RFR: 8042088: Sjavac spawns external processes in a unnecessarily complex and platform dependent way

Jonathan Gibbons jonathan.gibbons at oracle.com
Wed May 7 14:55:46 UTC 2014

javac never uses assert.    We have a set of methods in 
javac.util.Assert that can be used instead.

-- Jon

On 05/05/2014 04:18 AM, Fredrik Öhrström wrote:
> The output from stdout and stderr from the background must always be 
> logged into a file. The default name for that file is 
> portfile+".stdouterr"
> Thus you could replace stdouterrfile == null with
> assert(stdouterrfile != null && stdouterrfile.length() >= 1)
> And get rid of /dev/null etc.
> For example if the background jvm cannot start, for example you 
> supplied a bad -Xms setting, you need to see the error message somewhere.
> It is not a good idea to force the client jvm to keep running. The 
> client and the server must be independent.
> 2014-05-05 11:17 GMT+02:00 Andreas Lundblad 
> <andreas.lundblad at oracle.com <mailto:andreas.lundblad at oracle.com>>:
>     On Fri, May 02, 2014 at 03:01:17PM -0700, Jonathan Gibbons wrote:
>     > The code to use NUL or /dev/null is somewhat icky. Is that actually
>     > the behavior you want?
>     > How about using ProcessBuilder.Redirect.INHERIT instead?
>     I don't think we want the output of the background sjavac server
>     to be interleaved with the output of the sjavac instance that
>     spawned it. (Especially since the log of the background server
>     would be chopped off once the foreground process terminates.)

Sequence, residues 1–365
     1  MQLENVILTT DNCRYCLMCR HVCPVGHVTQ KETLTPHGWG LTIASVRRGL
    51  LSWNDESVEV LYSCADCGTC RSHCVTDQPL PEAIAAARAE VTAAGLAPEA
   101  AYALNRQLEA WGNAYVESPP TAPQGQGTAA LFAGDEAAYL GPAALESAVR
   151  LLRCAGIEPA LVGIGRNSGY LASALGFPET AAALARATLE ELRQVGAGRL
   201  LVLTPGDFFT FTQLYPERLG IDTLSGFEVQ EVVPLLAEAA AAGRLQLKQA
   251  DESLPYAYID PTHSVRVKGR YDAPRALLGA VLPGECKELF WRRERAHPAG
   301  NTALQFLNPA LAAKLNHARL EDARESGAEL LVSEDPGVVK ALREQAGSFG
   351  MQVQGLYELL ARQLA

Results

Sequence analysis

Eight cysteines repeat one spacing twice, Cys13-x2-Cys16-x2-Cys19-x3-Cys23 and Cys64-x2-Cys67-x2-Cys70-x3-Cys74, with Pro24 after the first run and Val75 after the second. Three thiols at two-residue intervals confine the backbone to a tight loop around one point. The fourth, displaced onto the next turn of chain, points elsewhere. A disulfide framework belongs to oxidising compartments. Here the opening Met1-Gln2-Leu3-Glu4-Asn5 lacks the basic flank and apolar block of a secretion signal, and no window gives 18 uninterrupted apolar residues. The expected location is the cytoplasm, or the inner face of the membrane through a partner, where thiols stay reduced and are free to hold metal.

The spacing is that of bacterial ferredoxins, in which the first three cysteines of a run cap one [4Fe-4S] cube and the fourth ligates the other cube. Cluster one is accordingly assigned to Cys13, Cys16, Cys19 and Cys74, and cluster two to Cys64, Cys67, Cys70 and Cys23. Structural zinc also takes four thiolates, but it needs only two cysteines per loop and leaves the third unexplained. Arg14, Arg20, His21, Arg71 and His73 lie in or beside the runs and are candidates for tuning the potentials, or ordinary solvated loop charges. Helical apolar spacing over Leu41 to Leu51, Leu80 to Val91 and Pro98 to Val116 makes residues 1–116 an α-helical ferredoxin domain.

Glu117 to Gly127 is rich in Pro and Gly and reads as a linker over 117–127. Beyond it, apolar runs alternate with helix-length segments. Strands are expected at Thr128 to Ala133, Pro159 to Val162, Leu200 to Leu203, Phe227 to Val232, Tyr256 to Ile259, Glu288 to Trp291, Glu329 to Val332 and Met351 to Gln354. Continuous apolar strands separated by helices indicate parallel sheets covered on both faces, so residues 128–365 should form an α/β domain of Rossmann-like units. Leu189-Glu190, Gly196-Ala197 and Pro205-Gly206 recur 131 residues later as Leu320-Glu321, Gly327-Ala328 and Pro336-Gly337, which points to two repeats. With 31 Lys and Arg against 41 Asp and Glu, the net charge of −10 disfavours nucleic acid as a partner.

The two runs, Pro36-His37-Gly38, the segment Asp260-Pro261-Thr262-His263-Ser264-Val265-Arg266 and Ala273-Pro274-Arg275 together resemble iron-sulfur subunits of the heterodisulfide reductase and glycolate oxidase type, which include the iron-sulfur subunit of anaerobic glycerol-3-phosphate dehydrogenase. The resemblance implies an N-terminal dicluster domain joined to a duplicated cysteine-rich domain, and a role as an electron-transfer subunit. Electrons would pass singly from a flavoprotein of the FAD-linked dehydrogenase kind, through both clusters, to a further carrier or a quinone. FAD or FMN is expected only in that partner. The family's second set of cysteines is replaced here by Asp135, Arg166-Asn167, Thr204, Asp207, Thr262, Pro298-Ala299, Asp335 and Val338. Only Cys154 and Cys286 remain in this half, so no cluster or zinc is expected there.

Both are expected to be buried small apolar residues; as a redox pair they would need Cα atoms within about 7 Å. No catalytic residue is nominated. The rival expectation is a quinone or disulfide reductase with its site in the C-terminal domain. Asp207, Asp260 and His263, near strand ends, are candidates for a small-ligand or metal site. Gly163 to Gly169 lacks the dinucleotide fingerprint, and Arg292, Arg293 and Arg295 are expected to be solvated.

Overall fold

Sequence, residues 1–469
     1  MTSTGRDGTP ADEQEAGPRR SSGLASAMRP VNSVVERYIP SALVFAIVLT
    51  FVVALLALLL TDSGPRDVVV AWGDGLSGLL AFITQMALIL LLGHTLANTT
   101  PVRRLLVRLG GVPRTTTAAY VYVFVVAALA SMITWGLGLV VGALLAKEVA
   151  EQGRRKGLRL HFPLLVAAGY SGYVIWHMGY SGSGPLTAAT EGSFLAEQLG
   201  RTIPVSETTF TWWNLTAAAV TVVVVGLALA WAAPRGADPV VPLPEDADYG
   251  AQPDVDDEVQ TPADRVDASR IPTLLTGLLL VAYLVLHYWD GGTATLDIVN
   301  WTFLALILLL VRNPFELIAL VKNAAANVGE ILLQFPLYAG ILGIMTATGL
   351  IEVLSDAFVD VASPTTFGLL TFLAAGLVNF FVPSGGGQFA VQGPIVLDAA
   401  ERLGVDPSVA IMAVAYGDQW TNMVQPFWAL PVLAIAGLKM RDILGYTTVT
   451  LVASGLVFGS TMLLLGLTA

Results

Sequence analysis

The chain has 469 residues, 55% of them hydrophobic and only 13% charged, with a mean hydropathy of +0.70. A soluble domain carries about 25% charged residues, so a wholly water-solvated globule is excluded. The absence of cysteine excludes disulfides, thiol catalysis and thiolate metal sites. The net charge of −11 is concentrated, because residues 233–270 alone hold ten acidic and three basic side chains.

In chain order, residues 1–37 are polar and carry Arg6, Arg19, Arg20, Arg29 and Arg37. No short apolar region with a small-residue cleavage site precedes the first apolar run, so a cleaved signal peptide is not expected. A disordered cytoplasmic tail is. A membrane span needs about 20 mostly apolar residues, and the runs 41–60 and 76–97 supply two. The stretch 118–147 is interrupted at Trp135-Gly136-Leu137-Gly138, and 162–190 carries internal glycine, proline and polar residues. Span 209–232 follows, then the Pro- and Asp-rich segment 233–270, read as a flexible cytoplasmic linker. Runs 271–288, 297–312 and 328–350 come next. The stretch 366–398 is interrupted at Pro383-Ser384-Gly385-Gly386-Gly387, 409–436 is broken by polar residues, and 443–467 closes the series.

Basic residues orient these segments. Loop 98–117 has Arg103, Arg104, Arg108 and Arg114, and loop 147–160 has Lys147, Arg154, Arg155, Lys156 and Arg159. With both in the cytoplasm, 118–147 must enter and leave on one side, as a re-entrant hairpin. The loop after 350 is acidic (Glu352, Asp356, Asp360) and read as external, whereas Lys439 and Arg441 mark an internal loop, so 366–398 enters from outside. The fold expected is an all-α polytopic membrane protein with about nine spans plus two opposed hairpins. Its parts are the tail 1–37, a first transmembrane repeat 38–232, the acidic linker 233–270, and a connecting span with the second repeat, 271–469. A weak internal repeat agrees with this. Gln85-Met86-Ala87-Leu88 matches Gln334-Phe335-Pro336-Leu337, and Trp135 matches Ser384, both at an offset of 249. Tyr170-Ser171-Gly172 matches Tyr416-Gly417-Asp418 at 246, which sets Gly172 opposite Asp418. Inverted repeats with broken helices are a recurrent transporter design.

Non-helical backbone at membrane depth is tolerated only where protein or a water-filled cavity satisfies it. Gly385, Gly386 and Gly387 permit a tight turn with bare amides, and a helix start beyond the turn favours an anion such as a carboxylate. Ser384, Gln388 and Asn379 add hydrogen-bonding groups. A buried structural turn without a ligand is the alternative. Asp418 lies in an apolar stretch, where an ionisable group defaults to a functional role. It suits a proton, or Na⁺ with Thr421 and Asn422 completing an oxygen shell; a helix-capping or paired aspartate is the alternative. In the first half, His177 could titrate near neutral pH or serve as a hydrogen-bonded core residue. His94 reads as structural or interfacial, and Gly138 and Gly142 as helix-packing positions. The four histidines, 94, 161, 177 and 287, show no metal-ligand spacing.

>     The reason I can't simply leave the whole redirect logic out is
>     because the background process halts once it's output buffer is
>     full. The output of the background process *has* to be consumed in
>     one way or another. I could solve this by spawning a separate
>     thread in the foreground process whose sole purpose is to read and
>     discand output from the background process:
>         Thread discardOutputThread = new Thread() {
>             public void run() {
>                 InputStream is = p.getInputStream();
>                 try { while (is.read() != -1); }
>                 catch (IOException e) { }
>             }
>         };
>         discardOutputThread.setDaemon(true);
>         discardOutputThread.start();
>     It just feels a bit awkward to leave a running dummy thread
>     behind, and I can't find any documentation on what happens when
>     the foreground process terminates and this thread stops. (Although
>     it *did* work on when I tested it on Windows 2003 and Ubuntu.)
>     So, while the NUL or /dev/null workaround does have a grain of
>     platform dependency, I still thought it was the cleanest solution.
>     I'm ready to reconsider this if others think differently.
>     I'm somewhat surprised that there is no
>     ProcessBuilder.Redirect.DISCARD. Does anybody know why such option
>     is "missing"? :-(
>     -- Andreas

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